Deepfakes can be created in such quality that they can be mistaken for the real thing. There have been many instances of misinformation, rumours and fraud spreading online. In response to this situation, Intel announced that it had commercialized a deep fake detection technology, FakeCatcher, that can detect fake videos with 96% accuracy.
Detecting deepfake videos in real-time is difficult, but FakeCatcher claims to be able to return results in milliseconds.
Deepfakes use sophisticated techniques derived from machine learning and artificial intelligence to make celebrities and politicians appear to be doing or saying things they don’t do in a frightening way.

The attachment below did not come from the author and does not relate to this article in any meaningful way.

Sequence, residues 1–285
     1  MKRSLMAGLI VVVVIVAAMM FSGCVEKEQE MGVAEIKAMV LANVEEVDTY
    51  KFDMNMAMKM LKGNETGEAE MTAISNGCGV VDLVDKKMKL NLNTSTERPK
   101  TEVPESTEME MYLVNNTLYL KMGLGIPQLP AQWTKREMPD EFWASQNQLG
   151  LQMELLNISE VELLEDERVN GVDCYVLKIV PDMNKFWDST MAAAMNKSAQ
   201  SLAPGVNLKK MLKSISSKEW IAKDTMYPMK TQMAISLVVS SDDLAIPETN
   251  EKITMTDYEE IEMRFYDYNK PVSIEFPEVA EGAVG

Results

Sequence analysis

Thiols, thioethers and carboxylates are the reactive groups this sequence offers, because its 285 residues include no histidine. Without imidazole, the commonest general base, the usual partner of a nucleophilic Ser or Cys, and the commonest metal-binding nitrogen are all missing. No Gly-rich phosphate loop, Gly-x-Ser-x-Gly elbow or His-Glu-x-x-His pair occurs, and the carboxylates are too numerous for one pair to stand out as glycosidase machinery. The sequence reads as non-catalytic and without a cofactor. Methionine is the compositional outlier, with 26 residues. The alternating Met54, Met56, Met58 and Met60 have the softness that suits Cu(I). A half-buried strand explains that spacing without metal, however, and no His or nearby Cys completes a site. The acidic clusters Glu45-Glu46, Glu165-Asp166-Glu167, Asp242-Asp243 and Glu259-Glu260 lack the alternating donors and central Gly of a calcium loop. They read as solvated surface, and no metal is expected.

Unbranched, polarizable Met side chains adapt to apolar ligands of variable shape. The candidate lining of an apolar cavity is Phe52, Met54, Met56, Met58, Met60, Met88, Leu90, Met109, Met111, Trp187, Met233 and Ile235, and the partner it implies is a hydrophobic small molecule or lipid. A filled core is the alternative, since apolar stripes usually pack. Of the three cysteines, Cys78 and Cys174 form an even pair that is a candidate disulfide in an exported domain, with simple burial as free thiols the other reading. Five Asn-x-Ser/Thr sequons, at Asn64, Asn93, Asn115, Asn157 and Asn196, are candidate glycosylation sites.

Existing technology uses deep learning to examine digital manipulation trails, so if a web user mistakenly believes a deepfake is real, it can take hours to correct the mistake.
On the other hand, FakeCatcher can detect deepfakes in real time by seeing what makes us human — the ‘blood’ in the pixels of a video. Using a series of sensors, FakeCatcher collects changes in the colour of veins that occur when the heart pumps blood from faces in videos, creating Spatio-temporal maps. Then, machine learning algorithms use these maps to determine if the person in the frame is real.
It can prevent harmful deepfake videos from being uploaded to social media and artificially processed videos from being inadvertently spread by news organizations.